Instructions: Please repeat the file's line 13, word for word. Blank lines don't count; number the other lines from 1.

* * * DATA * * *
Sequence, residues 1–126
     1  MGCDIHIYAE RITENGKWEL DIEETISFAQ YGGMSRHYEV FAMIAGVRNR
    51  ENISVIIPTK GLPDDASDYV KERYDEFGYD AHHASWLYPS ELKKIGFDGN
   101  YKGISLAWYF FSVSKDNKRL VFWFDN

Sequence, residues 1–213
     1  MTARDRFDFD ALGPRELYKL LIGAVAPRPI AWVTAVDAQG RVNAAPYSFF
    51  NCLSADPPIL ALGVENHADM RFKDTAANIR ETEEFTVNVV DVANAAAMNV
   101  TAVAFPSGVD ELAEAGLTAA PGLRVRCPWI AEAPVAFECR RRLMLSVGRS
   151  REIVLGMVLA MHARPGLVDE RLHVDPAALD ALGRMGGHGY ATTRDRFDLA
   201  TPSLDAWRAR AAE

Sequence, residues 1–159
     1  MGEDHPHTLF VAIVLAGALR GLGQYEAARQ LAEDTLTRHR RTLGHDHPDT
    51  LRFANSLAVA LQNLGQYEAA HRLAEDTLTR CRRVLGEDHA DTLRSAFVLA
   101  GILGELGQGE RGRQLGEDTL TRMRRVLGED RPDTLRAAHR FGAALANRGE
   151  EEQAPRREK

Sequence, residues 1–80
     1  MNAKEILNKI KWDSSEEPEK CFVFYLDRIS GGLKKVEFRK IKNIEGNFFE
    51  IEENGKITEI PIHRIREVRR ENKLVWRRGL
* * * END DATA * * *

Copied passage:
    51  LRFANSLAVA LQNLGQYEAA HRLAEDTLTR CRRVLGEDHA DTLRSAFVLA